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Politics
5:28 pm
Wed February 29, 2012

One step closer to public vote on Michigan's emergency manager law

A protest against PA 4 at Governor Snyder's residence in January.
Laura Weber MPRN

Opponents are a step closer to a public vote on Michigan’s law that gives state-appointed emergency managers sweeping authority over local governments faced with a financial crisis. They filed petitions today that would put a referendum on the law on the November ballot.

State elections officials have 60 days to determine if the ballot drive collected enough valid signatures of registered voters. To succeed, they need more than 161 thousand names.

Brandon Jessup is a leader of the drive. He said now the group is gearing up for a fall campaign.

“It’s all voter outreach, definitely. We are going to now begin an education phase to reach out to our broader base and make sure everyone knows about the dangers of this unconstitutional dictator bill,” said Jessup.

Jessup says the law robs local voters of the right to choose their leaders. If the petitions are certified, the law will be suspended until after the election in November.

But state Representative Al Psholka says a stop-gap plan may be needed to ensure stability in takeover communities. 

“If we needed to do something on a temporary basis, I think that would be a good idea not to leave these communities without any protection,” said Psholka. “Because what we’ve found is the taxpayers have not been protected for a number of years. PA 4 didn’t cause all of these deficits and didn’t cause them to be in the condition they’re in.”

Psholka is the sponsor of the emergency manager law.

There are five Michigan cities or school districts currently under the control of emergency managers.

Auto/Economy
4:17 pm
Wed February 29, 2012

GM forms alliance with Peugeot to stem Europe losses

GM CEO Dan Akerson and PSA Peugeot Citroen Chairman of the Managing Board Phillipe Varin
GM

General Motors is forming an alliance with French carmaker Peugeot to help the company make progress in getting to a breakeven point in Europe.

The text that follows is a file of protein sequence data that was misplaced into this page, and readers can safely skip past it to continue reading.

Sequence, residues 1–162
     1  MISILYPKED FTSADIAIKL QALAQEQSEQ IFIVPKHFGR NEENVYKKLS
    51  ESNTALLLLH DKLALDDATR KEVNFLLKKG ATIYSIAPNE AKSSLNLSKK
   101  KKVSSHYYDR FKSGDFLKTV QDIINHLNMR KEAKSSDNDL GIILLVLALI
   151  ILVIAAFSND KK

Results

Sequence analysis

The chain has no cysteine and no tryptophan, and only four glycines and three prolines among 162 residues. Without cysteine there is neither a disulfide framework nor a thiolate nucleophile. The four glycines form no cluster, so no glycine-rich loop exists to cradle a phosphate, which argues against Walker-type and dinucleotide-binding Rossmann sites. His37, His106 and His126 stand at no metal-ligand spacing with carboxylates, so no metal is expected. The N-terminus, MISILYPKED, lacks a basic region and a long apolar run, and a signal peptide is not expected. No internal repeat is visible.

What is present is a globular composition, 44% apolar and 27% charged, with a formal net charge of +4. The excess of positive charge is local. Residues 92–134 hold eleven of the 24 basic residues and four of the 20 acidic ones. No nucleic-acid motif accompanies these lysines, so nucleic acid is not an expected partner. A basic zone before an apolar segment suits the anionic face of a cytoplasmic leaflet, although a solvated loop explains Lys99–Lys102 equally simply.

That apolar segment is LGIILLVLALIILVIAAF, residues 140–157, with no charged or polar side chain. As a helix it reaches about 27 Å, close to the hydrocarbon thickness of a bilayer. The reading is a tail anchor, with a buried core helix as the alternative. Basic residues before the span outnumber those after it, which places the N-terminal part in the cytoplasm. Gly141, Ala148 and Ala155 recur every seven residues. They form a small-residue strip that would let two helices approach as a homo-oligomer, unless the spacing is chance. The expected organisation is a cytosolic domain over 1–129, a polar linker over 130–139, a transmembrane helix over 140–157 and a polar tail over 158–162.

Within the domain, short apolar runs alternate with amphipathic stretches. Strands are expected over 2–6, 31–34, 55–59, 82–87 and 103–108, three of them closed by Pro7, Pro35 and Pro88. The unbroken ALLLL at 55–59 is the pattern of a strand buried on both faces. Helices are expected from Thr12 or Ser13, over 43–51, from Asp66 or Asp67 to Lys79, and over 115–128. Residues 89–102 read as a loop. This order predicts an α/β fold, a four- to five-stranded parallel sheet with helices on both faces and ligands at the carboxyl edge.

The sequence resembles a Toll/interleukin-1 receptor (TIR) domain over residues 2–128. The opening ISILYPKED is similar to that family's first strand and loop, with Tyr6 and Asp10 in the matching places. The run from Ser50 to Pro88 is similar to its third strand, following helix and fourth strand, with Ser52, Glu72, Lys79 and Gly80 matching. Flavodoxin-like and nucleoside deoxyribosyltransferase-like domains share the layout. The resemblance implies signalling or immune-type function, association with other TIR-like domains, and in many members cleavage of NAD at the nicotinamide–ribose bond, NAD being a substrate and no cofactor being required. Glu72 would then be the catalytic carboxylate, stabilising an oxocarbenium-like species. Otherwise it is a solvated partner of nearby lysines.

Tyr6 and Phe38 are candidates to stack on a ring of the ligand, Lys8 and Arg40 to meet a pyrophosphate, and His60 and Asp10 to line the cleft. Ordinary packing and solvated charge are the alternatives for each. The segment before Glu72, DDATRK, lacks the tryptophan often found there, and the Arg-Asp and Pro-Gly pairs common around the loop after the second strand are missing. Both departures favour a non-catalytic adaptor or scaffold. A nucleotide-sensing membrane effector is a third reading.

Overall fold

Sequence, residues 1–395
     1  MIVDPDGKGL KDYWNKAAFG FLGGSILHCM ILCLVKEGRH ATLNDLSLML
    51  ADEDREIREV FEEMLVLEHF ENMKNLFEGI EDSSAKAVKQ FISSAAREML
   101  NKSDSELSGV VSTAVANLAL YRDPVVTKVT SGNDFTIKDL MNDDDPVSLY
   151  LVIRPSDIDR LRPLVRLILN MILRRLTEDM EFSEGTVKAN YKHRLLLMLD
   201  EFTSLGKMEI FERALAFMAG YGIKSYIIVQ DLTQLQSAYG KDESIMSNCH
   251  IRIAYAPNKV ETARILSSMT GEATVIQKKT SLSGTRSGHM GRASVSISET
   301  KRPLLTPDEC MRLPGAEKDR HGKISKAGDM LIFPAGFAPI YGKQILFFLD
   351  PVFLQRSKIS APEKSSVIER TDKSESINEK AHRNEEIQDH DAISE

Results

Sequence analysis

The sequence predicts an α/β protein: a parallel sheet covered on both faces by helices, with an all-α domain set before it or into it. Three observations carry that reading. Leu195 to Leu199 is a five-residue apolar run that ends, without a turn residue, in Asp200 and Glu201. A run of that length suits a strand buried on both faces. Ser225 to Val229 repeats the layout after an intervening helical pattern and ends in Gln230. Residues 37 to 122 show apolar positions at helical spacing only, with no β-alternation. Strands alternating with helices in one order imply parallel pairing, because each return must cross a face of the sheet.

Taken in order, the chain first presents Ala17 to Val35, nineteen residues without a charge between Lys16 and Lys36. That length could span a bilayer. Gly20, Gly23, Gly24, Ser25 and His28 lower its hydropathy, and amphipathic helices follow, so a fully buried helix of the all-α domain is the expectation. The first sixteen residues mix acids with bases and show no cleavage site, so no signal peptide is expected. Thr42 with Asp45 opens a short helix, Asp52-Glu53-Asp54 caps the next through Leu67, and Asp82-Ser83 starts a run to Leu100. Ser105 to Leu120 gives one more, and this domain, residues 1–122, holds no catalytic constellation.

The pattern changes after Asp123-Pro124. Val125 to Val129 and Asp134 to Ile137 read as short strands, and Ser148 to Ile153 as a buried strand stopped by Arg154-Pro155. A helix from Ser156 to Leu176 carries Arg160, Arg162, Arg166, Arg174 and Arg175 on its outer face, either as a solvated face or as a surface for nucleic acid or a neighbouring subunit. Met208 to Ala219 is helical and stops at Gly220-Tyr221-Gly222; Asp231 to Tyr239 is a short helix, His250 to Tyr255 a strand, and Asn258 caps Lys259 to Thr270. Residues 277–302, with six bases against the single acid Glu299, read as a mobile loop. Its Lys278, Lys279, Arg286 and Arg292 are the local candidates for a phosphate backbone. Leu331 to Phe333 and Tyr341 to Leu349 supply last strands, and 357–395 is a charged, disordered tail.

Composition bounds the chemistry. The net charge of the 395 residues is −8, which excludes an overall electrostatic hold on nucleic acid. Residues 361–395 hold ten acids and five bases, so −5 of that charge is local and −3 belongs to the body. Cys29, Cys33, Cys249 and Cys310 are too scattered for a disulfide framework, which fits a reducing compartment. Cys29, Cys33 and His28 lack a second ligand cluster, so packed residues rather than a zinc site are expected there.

GM made a record profit last year, but it was no thanks to Europe, where the company lost $700 million.  

The limited alliance with Peugeot will involve the joint development of some car platforms and joint parts purchasing. 

The companies estimate it will save a total $2 billion within a few years.

GM CEO Dan Akerson says the two companies will continue to compete in other areas.

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Politics
3:59 pm
Wed February 29, 2012

Lawsuit over pay cuts to Detroit school employees settled

Flickr

DETROIT (AP) - Unions representing about 10,000 Detroit Public Schools employees and the district's state-appointed emergency manager have reached a settlement in a federal lawsuit over pay
cuts and health insurance contributions.

The school district says the settlement was approved Wednesday.

The unions filed the suit last year after Roy Roberts used new powers given emergency managers by state law to impose a 10 percent pay cut and 20 percent contribution to their health insurance.

State Treasury Andy Dillon approved the cuts and also was named in the suit.

Settlement terms include partial payment of accumulated sick days for employees who submit an irrevocable notice of retirement by March 19, a one-time lump sum payment of 2.5 percent of the
employee's 2011/2012 earnings and limited reinstatement of step increases.

Politics
2:56 pm
Wed February 29, 2012

Emergency manager opponents in Michigan aim to suspend law

LANSING, Mich. (AP) - A coalition seeking to overturn Michigan's law giving more power to state-appointed emergency managers says it's submitting more than 226,000 voter signatures in hopes of
eventually overturning the law.

The Stand Up for Democracy coalition turned in petitions to state election officials Wednesday.

Roughly 161,300 valid voter signatures are needed to temporarily suspend the law and get it on the November ballot. It could take two months for state officials to verify the signatures.

Critics say the law gives unconstitutional power to state-appointed emergency managers, who have authority to toss out union contracts and strip power from locally elected officials.

Supporters of the law say it's needed to provide the tools to fix financial problems that locally elected leaders have been unable to fix themselves.

Arts/Culture
2:50 pm
Wed February 29, 2012

Grand Rapids Art Museum scores 3-year partnership with NY museum

Pamella DeVos and GRAM CEO Dana Friis-Hansen in front of part of the "Robert Rauschenburg: Synapsis Shuffle" exhibit on loan from the Whitney Museum of American Art in New York. It opens to the public Friday.
Lindsey Smith Michigan Radio

This week the Grand Rapids Art Museum opens a new exhibit on loan from the Whitney Museum of American Art in New York. The “Robert Rauschenberg: Synapsis Shuffle” exhibit is part of a new 3-year partnership between the two museums. It opens to the public on Friday.